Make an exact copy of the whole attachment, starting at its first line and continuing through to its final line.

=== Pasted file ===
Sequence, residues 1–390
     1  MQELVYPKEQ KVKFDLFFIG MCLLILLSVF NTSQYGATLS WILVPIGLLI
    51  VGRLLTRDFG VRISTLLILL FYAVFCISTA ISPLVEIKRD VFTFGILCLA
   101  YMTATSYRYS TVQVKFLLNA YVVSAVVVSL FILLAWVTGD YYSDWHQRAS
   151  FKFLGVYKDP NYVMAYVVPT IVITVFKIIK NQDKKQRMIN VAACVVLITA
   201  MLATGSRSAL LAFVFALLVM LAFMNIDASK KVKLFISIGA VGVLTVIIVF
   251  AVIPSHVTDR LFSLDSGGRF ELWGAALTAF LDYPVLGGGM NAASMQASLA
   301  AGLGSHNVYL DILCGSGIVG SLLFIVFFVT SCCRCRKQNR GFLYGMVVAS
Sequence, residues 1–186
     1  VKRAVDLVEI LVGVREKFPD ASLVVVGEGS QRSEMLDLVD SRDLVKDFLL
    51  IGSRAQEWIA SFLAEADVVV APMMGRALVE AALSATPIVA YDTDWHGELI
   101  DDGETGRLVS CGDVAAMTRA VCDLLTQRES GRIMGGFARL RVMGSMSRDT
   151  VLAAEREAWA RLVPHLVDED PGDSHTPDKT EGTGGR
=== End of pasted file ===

Sequence, residues 1–390
     1  MQELVYPKEQ KVKFDLFFIG MCLLILLSVF NTSQYGATLS WILVPIGLLI
    51  VGRLLTRDFG VRISTLLILL FYAVFCISTA ISPLVEIKRD VFTFGILCLA
   101  YMTATSYRYS TVQVKFLLNA YVVSAVVVSL FILLAWVTGD YYSDWHQRAS
   151  FKFLGVYKDP NYVMAYVVPT IVITVFKIIK NQDKKQRMIN VAACVVLITA
   201  MLATGSRSAL LAFVFALLVM LAFMNIDASK KVKLFISIGA VGVLTVIIVF
   251  AVIPSHVTDR LFSLDSGGRF ELWGAALTAF LDYPVLGGGM NAASMQASLA
   301  AGLGSHNVYL DILCGSGIVG SLLFIVFFVT SCCRCRKQNR GFLYGMVVAS
Sequence, residues 1–186
     1  VKRAVDLVEI LVGVREKFPD ASLVVVGEGS QRSEMLDLVD SRDLVKDFLL
    51  IGSRAQEWIA SFLAEADVVV APMMGRALVE AALSATPIVA YDTDWHGELI
   101  DDGETGRLVS CGDVAAMTRA VCDLLTQRES GRIMGGFARL RVMGSMSRDT
   151  VLAAEREAWA RLVPHLVDED PGDSHTPDKT EGTGGR